Cigarettes are slightly different but still a great example of inelastic demand. Smokers would agree that no matter how expensive cigarettes get, that won’t affect their addiction or desire to smoke. Instead, they’ll still be willing to pay a higher price for cigarettes, even if this means they’ll cut off other expenses.
Factors Making a Good or Services Inelastic
Taking the above into account, there are several factors that make a good or service inelastic, including:
- Necessity. When a good or service is a necessity, such as gasoline, consumers will continue buying it despite the price hike.
- Addiction. If the good or service is addictive, such as the example with cigarettes, consumers will continue to pay a higher price for it. This is because addiction can lead you to think you’re dependent on a product, which is why you’ll probably make irrational financial decisions.
- Substitute. Consumers will pay a higher price for it if there’s no close substitute for a good or service. For example, when there’s no substitute for certain medications to treat a certain illness.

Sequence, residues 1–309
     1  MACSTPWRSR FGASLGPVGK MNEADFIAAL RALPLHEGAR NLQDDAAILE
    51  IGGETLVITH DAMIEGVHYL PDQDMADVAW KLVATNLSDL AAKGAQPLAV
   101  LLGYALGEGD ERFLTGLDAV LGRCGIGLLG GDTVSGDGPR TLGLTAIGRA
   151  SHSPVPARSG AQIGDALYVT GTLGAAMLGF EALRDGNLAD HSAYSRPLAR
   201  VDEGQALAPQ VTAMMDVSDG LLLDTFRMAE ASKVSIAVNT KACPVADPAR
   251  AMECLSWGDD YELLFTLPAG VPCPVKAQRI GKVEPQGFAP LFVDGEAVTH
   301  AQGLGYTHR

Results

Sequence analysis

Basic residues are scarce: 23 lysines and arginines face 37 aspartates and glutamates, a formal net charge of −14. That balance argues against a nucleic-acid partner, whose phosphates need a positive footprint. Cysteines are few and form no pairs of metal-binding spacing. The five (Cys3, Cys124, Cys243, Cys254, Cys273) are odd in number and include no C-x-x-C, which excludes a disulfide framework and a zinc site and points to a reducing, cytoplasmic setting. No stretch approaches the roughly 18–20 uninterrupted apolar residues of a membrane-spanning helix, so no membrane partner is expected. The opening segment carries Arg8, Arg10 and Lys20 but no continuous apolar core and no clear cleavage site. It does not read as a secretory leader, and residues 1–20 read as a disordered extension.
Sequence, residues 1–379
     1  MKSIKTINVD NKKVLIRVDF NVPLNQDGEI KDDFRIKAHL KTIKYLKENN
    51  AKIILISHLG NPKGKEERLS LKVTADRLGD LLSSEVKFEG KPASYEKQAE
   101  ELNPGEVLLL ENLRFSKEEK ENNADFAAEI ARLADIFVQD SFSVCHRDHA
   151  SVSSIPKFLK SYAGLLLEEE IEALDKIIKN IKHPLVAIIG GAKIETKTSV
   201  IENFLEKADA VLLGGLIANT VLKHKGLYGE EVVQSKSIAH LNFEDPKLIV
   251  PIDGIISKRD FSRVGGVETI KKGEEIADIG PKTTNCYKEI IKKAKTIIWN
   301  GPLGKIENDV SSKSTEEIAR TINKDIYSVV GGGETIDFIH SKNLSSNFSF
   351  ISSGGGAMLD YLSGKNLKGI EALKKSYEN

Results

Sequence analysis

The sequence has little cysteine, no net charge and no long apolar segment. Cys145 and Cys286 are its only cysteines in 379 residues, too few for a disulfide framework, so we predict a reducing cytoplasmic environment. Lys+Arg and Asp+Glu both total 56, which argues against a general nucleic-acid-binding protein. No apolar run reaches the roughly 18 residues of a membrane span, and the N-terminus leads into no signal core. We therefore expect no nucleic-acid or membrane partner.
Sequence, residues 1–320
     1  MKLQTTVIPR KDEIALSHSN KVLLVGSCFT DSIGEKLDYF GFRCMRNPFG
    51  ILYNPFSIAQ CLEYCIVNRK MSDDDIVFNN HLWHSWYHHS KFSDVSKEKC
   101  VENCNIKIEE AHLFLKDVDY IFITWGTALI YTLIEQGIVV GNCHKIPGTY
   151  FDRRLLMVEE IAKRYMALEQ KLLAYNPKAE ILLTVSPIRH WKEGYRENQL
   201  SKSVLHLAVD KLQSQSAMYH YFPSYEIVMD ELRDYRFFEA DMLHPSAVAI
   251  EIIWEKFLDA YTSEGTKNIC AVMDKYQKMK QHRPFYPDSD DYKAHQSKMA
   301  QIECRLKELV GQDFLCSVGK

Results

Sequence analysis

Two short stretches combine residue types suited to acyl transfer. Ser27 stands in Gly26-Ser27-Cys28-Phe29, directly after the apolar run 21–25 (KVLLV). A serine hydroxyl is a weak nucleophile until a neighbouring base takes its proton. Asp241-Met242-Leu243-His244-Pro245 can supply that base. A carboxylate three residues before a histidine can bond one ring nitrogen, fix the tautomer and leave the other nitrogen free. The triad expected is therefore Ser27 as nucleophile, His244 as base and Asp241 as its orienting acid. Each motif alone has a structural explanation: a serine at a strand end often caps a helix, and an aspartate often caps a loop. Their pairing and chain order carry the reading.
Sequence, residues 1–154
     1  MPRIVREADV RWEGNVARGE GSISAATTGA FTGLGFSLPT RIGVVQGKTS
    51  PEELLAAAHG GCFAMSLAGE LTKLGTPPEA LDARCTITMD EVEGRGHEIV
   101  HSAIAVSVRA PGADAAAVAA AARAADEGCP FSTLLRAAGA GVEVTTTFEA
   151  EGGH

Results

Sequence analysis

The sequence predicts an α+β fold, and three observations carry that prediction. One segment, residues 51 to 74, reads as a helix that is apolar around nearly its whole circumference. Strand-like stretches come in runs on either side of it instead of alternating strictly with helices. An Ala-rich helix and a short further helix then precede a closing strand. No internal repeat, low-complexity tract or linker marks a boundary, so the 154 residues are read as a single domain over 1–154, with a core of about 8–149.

- Income. Consumer income is considered inelastic because even if they somehow have a decrease in salary, they’ll continue purchasing necessary or addictive products, such as cigarettes.
- Time. When consumers don’t have enough time to adjust their spending habits, they’ll buy a product or service for a higher price. For example, if they have to buy medications immediately, they’ll purchase them without worrying about their price.
Elastic vs. Inelastic Goods or Services
When comparing elastic vs. inelastic goods or services, the main difference lies in how sensitive the quantity demanded is to fluctuations in the price. Contrary to inelastic demand, elastic demand happens when price changes significantly impact the quantity of goods or services you’re willing to purchase.